But as popular as the big hog is, there’s absolutely nothing at the Iowa State Fair that’s comparable to the popularity of the Butter Cow. Every year for over a century, the fair has found somebody to carve a cow out of butter. Since the mid-1990s, the Butter Cow has been accompanied by ‘companion’ butter sculptures. This year the cow was accompanied by butter figures from — and I swear I am NOT making this up — Star Trek. I’m serious. There’s a butter starship Enterprise and a butter Captain James T. Kirk (and maybe some other crew members). It actually makes a weird sort of sense. Kirk, after all, will be born in Riverside, Iowa in a couple hundred years

The line(s) to see the butter cow and butter Enterprise crew.

The line(s) to see the butter cow and butter Enterprise crew.

Not that I got to see the Butter Cow or Butter Kirk. As you can see, the line to view these treasures was Soviet long and moved at a Soviet pace (though it was somewhat more colorful that most Soviet-era lines). There were too many other things to see, too many other places to go — so I went and saw those things instead.

But that’s the nature of a fair, isn’t it. By design, there’s always something else to see and do. That’s what brings you back year after year, even if you’ve already seen it and done it before.. Let’s face it, if you’ve seen one huge pig, you don’t really need to see another — a huge pig is a huge pig is a huge pig, as the poet said. Last year’s prize apples and award-winning goat are pretty much going to be like this year’s apples and goats. Next year’s blacksmithing demonstration will be pretty much like this year’s, and the new Fried Thing On a Stick won’t be radically different from the current Fried Thing On a Stick.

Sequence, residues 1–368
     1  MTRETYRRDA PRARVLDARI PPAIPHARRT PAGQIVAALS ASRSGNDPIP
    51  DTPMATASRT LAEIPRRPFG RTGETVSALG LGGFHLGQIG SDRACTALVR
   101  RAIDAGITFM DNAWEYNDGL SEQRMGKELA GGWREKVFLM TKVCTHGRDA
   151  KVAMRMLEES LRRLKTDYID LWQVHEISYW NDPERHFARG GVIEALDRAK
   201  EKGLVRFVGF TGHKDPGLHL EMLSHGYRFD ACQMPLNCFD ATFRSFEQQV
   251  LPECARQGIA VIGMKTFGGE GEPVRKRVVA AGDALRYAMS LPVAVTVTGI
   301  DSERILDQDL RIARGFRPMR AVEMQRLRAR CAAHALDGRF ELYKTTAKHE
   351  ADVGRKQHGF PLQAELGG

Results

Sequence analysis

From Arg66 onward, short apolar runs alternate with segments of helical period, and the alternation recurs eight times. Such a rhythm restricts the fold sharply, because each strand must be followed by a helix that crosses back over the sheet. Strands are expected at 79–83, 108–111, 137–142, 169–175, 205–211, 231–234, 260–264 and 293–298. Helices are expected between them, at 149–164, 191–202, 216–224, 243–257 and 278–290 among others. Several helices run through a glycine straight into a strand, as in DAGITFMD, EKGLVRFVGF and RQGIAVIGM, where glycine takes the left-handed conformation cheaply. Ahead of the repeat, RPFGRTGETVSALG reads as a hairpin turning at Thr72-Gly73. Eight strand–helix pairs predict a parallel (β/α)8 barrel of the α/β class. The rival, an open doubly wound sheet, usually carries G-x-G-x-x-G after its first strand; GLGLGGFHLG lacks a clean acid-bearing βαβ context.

Probably not their first Iowa State Fair.

Probably not their first Iowa State Fair. Probably not their last.

And yet folks keep returning to the fair. For decades, they keep returning. Why? Because it’s always different and it’s always the same, and there’s excitement and comfort in that.  Because it’s the fair, and what else are you going to do?

The Romans may have been imperialist assholes, but credit where it’s due: they gave us the fair.